2014 GSA Annual Meeting in Vancouver, British Columbia (19–22 October 2014)

Paper No. 144-7
Presentation Time: 2:45 PM


GINGERICH, Philip D., Museum of Paleontology and Department of Earth and Environmental Sciences, University of Michigan, Ann Arbor, MI 48109

Paleontologists have classically viewed adaptive radiations as involving an early burst of diversification from an ancestral stock, with rapid divergence in morphology followed by slower diversification and divergence. A recent study of many extant animal groups published by Harmon et al. in Evolution found that adaptive radiations are rare compared to random walk models. Here I compare an early burst model for the evolution of size to a random walk model. The Harmon et al. evidence included (1) clade age; and (2) net ‘variance’ in trait means per million years (m.y.) in units of within-population standard deviations (s.d.). Forty-two clades were found to have a mean rate of divergence in body size of 0.74 s.d./m.y.; an average time depth (time scale) of 24 m.y.; and consequently a mean divergence of 17.8 s.d. units. Average generation (gen.) time is 1.71 years, so the average rate of divergence corrected from Harmon et al. is D7.15 = 4.33 × 10-7 s.d./gen. on a time scale of 1.40 × 107 gen.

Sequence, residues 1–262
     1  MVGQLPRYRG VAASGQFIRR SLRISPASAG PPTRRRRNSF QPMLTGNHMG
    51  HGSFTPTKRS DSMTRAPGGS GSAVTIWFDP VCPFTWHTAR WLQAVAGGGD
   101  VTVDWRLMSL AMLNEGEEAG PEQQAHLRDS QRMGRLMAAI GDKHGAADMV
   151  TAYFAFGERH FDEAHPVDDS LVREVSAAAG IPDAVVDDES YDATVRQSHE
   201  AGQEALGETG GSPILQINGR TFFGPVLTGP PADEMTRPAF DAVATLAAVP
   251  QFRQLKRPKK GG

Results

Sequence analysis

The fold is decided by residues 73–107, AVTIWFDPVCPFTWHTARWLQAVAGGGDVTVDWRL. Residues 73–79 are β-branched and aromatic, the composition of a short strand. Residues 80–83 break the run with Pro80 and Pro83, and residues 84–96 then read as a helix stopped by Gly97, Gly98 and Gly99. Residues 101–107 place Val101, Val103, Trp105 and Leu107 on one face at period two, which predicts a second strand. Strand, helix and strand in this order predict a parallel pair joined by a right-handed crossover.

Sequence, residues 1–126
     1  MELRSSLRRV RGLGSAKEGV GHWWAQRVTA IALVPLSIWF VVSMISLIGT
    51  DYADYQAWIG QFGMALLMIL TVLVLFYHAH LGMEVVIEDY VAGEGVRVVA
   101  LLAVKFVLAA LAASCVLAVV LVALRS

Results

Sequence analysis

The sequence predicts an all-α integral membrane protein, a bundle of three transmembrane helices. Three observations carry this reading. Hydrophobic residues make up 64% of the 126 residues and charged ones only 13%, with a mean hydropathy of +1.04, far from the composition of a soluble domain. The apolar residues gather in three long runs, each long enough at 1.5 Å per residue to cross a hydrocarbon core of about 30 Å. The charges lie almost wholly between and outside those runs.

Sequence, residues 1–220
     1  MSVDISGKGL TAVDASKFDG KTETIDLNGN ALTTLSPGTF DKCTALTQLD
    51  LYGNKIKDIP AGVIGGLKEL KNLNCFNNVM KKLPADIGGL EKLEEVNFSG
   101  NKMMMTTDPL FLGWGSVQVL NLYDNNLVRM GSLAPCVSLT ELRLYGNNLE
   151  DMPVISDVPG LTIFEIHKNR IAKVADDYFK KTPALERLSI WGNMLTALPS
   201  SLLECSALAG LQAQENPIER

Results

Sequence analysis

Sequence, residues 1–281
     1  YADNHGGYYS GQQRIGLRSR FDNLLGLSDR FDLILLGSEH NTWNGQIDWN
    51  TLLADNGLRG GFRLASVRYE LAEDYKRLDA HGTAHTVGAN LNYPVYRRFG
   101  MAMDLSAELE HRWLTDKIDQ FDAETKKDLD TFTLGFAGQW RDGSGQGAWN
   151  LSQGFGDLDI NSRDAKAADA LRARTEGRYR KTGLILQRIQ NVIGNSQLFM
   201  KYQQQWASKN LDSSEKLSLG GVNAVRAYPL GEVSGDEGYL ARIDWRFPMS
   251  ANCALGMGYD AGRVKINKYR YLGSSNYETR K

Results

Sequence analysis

The dispersion of a random-walk evolutionary time series increases in proportion to the square root of time. For most lineages (95%) to lie within 8.9 s.d. of the starting value (a range of 17.8 s.d.), a rate of dispersion, D0 on a time scale of one generation, is required. Here 1.96 × D0 × √(1.40 × 107) = 17.8 s.d. Solving, D0 can be as small as 2.42 × 10-3 s.d./gen. (a much higher rate than the Harmon et al. 4.33 × 10-7 s.d./gen.). If D0 is as high as 0.10 s.d./gen., a rate commonly found in scaling studies, then the time required to fill a range of 17.8 s.d. is 8.25 × 103 gen. (much less than 1.40 × 107 gen.).

What happens when the range of possible variation is filled? When a range is filled, diversification is necessarily much slower for the remaining 1.40 × 107 generations. We can quibble about details, but any reasonable rates will yield an early burst of diversification with rapid evolution, followed by a long interval of much slower diversification to yield what we see today. Harmon et al.’s average rate of divergence D7.15 = 4.33 × 10-7 s.d./gen. is a rate on a time scale irrelevant to the evolutionary process. D7.15 = 4.33 × 10-7 s.d./gen. is also a rate averaged when it should have been scaled: average rates are meaningless when their time scales are different.